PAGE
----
** I will never forget one very late night when I was the regular series writer on Guy Gardner Warrior for DC Comics. I was right in the middle of writing the script for Guy Gardner Warrior issue #30, the issue where Guy and Superman go toe to toe. This was to establish to the readers just how powerful Guy’s new Warrior powers were. There I was, halfway through the story when it hit me…..”I’m putting words into Superman’s mouth.” In that moment I was overcome by just what I was doing not only as a writer, but as a lifetime comic book reader, and a human on this planet. I had been trusted to, for a short time, represent one of the most well known fictional icons on the planet. This was massive. Without sounding corny, I truly felt honored, and still do today. Yeah, other guys, friends of mine, have written tons of Superman comic books, and continue to. I hope they feel the same as I do. I just know in that one quiet late night moment, for just those few hours, I was Superman. I have never taken moments like this for granted in my career. I have been so lucky to have written iconic characters like Superman, Batman, Wonder Woman, and even dwelled in the Star Wars universe for a bit. All honors, all a privilege. I will always thank those editors and publishers that trusted me to be the caretakers for those characters. Dreams do come true, and if you’re lucky like me, those dreams continue even after you wake up.

Guy Gardner Warrior Annual #1 Art By Joyce Chin

Guy Gardner Warrior Annual #1 Art By Joyce Chin


** Speaking of Guy Gardner Warrior, during my run on the book (Issues #20 through #44 and two annuals), I got to work with the amazing Joyce Chin, when female artists were not as plentiful as they are today (Still not enough). Joyce always knocked it out of the park with not only her detailed art, but her real superpower was she always “got” the attitude of the characters and made that as important as the art. During my run I also remember when we were looking for new artists requesting Amanda Connor, who was working on Gargoyles at Marvel. I didn’t personally know Amanda at that point in my career or hers, I just knew her art had that look and most importantly , that attitude needed to make the character like Joyce did. Nicola Scott was another artist that I requested. If memory serves me correct, she was just starting out then, I think it was samples of her work that I had seen in a possible fanzine, or sent to me from someone in Australia….I’d have to check my old files. I could see such a huge talent there, and at that point in the Guy Gardner storyline, I had DC Editorial close to letting me have Guy and Wonder Woman get married…for the storyline’s sake, for a few issues. I thought Nicola would’ve been so perfect. The samples I had seen were of Wonder Woman. I’ve always cared a lot for the Wonder Woman character since I was a kid. I always felt that she and Aquaman were never given the proper respect that they deserved. I wanted to correct that in this storyline. I got close to making it happen. At that time at DC Comics, there was a LOT of creative freedom with books. I was rarely if ever denied any storylines or plot twist during my run on the book. All you’ve gotta do is check the issues and you can tell….I was running amok. Before I close this random thought, I just wanna add that I had also put one of my favorite artists of all time, Ramona Fradon, on my editorial request list for Guy Gardner Warrior. I loved her work on Metamorpho and knew, with Guy’s new Warrior powers and look, she would’ve been a match made in comic book heaven for one of the Annuals. I’m sorry to say it never happened, but I can still see what Guy would look like in her pencils.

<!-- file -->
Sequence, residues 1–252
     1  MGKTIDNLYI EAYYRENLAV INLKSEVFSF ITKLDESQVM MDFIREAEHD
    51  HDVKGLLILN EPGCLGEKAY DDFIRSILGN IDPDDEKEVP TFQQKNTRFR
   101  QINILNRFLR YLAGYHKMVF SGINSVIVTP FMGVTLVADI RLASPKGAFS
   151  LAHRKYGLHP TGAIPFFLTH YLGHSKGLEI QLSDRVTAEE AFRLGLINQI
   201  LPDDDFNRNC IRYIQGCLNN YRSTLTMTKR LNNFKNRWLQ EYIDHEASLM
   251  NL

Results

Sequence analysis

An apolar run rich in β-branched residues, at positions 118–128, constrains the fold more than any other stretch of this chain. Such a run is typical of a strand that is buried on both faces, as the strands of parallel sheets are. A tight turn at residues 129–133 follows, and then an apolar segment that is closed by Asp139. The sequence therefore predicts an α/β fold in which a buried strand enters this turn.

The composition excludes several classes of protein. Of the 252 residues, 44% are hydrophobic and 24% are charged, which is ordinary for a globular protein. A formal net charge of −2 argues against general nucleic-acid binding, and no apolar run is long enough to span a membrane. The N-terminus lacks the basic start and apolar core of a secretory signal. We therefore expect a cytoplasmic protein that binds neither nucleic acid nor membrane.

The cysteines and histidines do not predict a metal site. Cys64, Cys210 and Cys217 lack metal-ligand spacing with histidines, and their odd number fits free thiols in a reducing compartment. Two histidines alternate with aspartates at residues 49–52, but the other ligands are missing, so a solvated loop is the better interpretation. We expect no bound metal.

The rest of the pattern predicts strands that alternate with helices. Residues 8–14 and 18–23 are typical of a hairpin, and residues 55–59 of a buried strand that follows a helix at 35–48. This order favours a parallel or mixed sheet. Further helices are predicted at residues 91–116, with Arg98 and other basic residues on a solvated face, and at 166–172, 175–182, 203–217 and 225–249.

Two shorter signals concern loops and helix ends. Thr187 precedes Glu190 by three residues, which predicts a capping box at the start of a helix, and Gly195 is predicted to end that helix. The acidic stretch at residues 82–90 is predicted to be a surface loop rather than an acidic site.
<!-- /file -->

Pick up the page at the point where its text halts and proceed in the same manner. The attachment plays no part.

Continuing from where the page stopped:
Wolverine vs. Shi Art by Billy Tucci Words by Beau Smith

Wolverine vs. Shi Art by Billy Tucci Words by Beau Smith


** I’ve written for just about every major and minor publisher in the last 32 years. Far beyond what I deserve…yet they only publisher that I have not worked for is the one that got me into comic books as a six year old kid….Marvel Comics. You might be able to say I have if you count the issue of Woverine Vs. Shi that I did with Billy Tucci, but technically it was published by Billy’s Crusade Fine Arts. I get asked a lot why I have written anything at Marvel. To be honest, I’ve never really had an editorial relationship with anyone at Marvel. My contacts, relationships and friendships have always seemed to be with my fellow creators, and on the business side. So that’s the answer I can best muster. So yeah, I would love to write for Marvel. Not for the stat sheet or to fill in the last blank spot, but because I will always owe Marvel Comics thanks for bringing me into comic books for the long haul. I’ve lunched with Stan Lee, hung out with Jack Kirby and was proud to call Don Heck a close and personal friend. So, yeah….I’d love to have my comic book circle fully connected. If you know me, then you know….nothing can stop me.

Guy Gardner Warrior. Art by Flint Henry

Guy Gardner Warrior. Art by Flint Henry


Thank you for letting me use this space to share some of the random thoughts that Pop Cultured into my brain.

Always thinking,

Beau Smith

The Flying Fist Ranch

@BeauSmithRanch at Instagram and Twitter

 

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  1. Chuck Says:

    Great essay as always, Beau! One minor correction – those artists “will not be forgotten.”